Writer Lisa St. Aubin de Teran offered this insight on travel: “Traveling is like flirting with life, it’s like saying, ‘I would stay and love you, but I have to go; This is my station.”
Our son Tom and his wife Donatta recently returned from travel abroad. Tom wrote this lovely account for today’s blog as a birthday gift to me. Enjoy!
Next Station: Paris
A cold drizzle covered the city. It may have been a Saturday night, but you lose track of time when you travel. Our destination that evening was the Eiffel Tower. After an early dinner, we meandered through the streets, and stopped by a store selling gifts for the home. There were some pillows that caught my wife’s eye. Slender and white, with the phrase “I’ heart my home” written on them in black. It was a red-shaped heart, not the actual word heart, but there truly was an apostrophe after the I. One of those little endearing charms of Paris that you find everywhere.
The store owner was a short, energetic woman in her 60s. She began conversing with my wife in English. We find out she spent some time living in California, she loves Paris, and wishes her kids would visit her more often. But such is life, she tells us. My wife asks her if we can walk from her store to the Eiffel Tower.
“Yes, of course you can,” the owner said.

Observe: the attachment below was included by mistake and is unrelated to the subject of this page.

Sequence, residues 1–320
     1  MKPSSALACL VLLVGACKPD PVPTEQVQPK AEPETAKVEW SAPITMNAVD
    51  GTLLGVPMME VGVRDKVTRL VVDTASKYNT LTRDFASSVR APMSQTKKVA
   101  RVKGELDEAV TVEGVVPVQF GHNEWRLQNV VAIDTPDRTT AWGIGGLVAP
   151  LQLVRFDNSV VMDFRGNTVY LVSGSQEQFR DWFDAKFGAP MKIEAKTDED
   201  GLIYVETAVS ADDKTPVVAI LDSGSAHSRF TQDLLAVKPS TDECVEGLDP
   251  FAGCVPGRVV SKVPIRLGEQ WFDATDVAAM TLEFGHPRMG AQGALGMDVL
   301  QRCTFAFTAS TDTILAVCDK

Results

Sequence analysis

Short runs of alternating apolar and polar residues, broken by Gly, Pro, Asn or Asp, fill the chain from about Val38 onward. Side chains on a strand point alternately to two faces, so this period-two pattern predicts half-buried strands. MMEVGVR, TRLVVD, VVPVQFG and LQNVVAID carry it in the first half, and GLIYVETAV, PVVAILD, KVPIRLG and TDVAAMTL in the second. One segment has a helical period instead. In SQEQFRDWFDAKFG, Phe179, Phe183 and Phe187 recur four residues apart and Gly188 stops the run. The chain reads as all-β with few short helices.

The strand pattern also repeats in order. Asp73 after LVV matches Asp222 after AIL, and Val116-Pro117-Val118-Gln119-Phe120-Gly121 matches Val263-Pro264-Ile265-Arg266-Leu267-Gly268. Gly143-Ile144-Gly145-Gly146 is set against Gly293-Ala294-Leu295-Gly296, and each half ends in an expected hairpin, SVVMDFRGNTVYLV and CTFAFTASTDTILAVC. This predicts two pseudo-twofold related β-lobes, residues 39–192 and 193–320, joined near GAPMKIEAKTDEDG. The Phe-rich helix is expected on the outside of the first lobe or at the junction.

“How long is the walk from here?” We ask.
“Maybe 45 minutes,” she replies.
My wife and I look at each other. We had been walking all the time, so perhaps this wasn’t too far-fetched. My wife could see the expression on my face and turned back to the owner. “He likes to take the metro everywhere. Is it better to walk there or take the metro?”
The owner lets out a laugh and I can see a twinkle in her eyes. “Of course you should walk there! You two are both young, and healthy. You will see so much of the city by walking.”
We join in her laughter. Maybe this was my wife’s plan all along, I thought. The owner gives us directions, making sure to point out that we walk along the left bank of the river to get a better experience. “Au revoir!” She says with a smile. And with that, we departed. Into the streets of Paris we went.
There is no other way to put it; the owner was right. Walking along the river afforded us an excellent vantage point. We stopped and took pictures at a memorial to Thomas Jefferson. We marveled at the sights and sounds of the city, and then, there it was. Off in the distance, but unmistakable, was the Eiffel Tower. Its tall figure, shimmering in golden light, rising up against the backdrop of the night sky.
From there on, it was an easy walk. Once inside, we ascended to the 2nd level. A howling, blustering wind had shut down the top and was there to greet us on the 2nd level too. But the image before us was far more captivating. From horizon to horizon, the city stretched out below us. I spotted the Notre Dame, where we had been earlier. A random soccer game taking place under fluorescent lights. We took pictures, huddled together while the wind whipped our jackets, and savored every moment.
Standing there, peering down at a plaza below, with its large, ornamental statues, I understood another aspect of why Paris is so unique: its culture. Yes, I can talk about the pace of life, the food, the art, but that is for another time. For here I am now, reflecting back on that evening, and I still feel that sense of wonder. Paris is a city imbued with an expression of culture.
by Thomas Nemecek